Asia Pulp & Paper Group (APP) launched its Forest Conservation Policy (FCP) Anniversary Report with a call for NGOs, Governments and businesses to work together in an effort to help tackle deforestation in Indonesia.
As HCV and HCS assessments are nearing completion, APP has begun the process of translating its findings into the Integrated Sustainable Forest Management Plans (ISFMPs), which will set out how the concessions will be run and preserved.
However, in developing these plans, the company has concluded that success in the long term will require commitment from many more of Indonesia’s forestry stakeholders.
Aida Greenbury, APP’s managing director of sustainability and stakeholder engagement, said: “We are creating management plans to ensure the viability of the 2.6 million hectares that our suppliers are responsible for. However, unless all of Indonesia’s land is properly managed too, then the forest landscape will continue to be at risk from further degradation.
“In 2014, we will finalise the largest integrated biodiversity and conservation assessments that have ever been conducted. From these assessments, we have discovered many opportunities and obstacles that we know cannot be realised or resolved by a single company.
“It is time for all parties to get active and start working together. The days of campaigning against businesses that have shown commitment to change the way they operate, as we have, should be brought to a conclusion. Now is the time to focus on the future and to develop solutions to the complex issues associated with forestry in Indonesia and to promote responsible practise.”
Scott Poynton, executive director of The Forest Trust, a non-profit organisation that is helping APP ensure its policy is translated into actual change on the ground, said: “One year in and we have a moratorium on forest clearance in all its suppliers that has proven to be effective. HCV and HCS forest assessments are being completed, a number of social conflicts are now solved, and there is real transparency in reporting progress against its policy.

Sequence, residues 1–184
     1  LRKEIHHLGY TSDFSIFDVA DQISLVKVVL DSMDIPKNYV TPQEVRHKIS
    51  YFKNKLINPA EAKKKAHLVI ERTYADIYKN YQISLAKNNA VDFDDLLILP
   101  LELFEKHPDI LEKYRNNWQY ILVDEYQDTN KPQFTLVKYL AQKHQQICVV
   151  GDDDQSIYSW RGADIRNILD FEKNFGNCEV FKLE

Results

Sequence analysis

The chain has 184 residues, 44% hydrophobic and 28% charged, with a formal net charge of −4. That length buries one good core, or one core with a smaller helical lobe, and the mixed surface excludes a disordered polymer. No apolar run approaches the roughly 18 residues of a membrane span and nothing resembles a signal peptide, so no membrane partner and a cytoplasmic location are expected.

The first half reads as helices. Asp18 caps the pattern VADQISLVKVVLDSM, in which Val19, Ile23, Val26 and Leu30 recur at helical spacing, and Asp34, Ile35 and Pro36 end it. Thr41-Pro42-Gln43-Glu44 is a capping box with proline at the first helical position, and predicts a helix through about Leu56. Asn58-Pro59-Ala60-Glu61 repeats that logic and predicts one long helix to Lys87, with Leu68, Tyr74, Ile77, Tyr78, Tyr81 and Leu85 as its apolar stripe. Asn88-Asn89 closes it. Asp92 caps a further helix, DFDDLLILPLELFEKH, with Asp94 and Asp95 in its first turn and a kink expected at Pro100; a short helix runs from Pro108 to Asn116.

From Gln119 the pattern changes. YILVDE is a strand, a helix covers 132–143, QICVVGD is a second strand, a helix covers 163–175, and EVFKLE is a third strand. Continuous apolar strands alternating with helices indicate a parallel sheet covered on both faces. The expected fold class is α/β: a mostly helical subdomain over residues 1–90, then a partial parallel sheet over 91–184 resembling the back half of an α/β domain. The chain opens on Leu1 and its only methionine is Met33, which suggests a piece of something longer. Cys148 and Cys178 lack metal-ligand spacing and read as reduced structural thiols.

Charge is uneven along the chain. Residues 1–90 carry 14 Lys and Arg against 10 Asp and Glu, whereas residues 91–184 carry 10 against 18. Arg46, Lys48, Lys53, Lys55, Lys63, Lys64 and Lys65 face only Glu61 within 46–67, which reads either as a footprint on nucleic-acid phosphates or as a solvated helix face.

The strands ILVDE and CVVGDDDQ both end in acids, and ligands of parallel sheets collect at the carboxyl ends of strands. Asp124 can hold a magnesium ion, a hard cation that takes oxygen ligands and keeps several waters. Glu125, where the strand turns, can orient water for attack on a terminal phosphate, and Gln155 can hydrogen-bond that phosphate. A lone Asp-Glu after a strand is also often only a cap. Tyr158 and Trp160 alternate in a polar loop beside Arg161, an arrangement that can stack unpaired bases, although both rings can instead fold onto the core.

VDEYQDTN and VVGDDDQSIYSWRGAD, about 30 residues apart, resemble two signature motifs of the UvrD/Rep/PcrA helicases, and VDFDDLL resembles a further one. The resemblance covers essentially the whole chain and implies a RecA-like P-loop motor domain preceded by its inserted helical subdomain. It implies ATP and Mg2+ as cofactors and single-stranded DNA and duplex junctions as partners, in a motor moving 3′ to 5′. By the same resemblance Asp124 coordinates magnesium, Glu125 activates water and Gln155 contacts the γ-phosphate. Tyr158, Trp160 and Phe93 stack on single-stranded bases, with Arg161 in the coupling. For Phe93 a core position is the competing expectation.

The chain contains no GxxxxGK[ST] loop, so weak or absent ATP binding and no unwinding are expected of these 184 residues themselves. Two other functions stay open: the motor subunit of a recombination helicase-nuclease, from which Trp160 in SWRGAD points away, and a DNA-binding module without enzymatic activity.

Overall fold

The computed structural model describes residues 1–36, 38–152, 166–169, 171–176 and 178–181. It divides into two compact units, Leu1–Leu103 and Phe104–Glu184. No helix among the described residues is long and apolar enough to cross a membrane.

“We understand that complete trust isn’t built in a day and not even in a single year, but the company is listening to concerns and is ready to continue to implement and improve its FCP implementation. APP is 100 per cent committed to zero deforestation.”
As part of its one year anniversary, APP has set out thefourkey prioritiesfor 2014 that must be addressed by broader industry to bring about zero deforestation. These are:
· Overlapping licenses – The issue of overlapping licenses needs to be resolved by all concerned parties if we are to develop a system for governing all concession holders in Indonesia.
· Community and land conflict issues – At times when the needs of communities are at odds with no-deforestation policies, an agreed and consistent way of managing the negotiation process should be developed.
· Landscape management – Landscape level conservation is vital to the preservation of peatland, the habitat of key species and protection against forest fires, all of which can span several concession areas of differing uses. A cross sector approach must therefore be developed to manage entire landscapes to ensure their long term viability.
· Market recognition – Policies that protect forests and peatland can only be economically viable if there is market recognition of their value. It is therefore important for the market to encourage companies to introduce and implement them.
To mark the FCP’s anniversary, APP is hosting an event in Jakarta, at which this and other issues can be debated by panellists from APP, TFT, Greenpeace, Ekologika and NGO participants. The panel is moderated by Mongabay’s Rhett Butler.
A recording of the event is available atwww.asiapulppaper.com this week. In addition, Twitter users can follow #APP1yrFCP
Key highlights of the first year of FCP implementation can be found in APP’s One Year Anniversary Report, available at www.asiapulppaper.com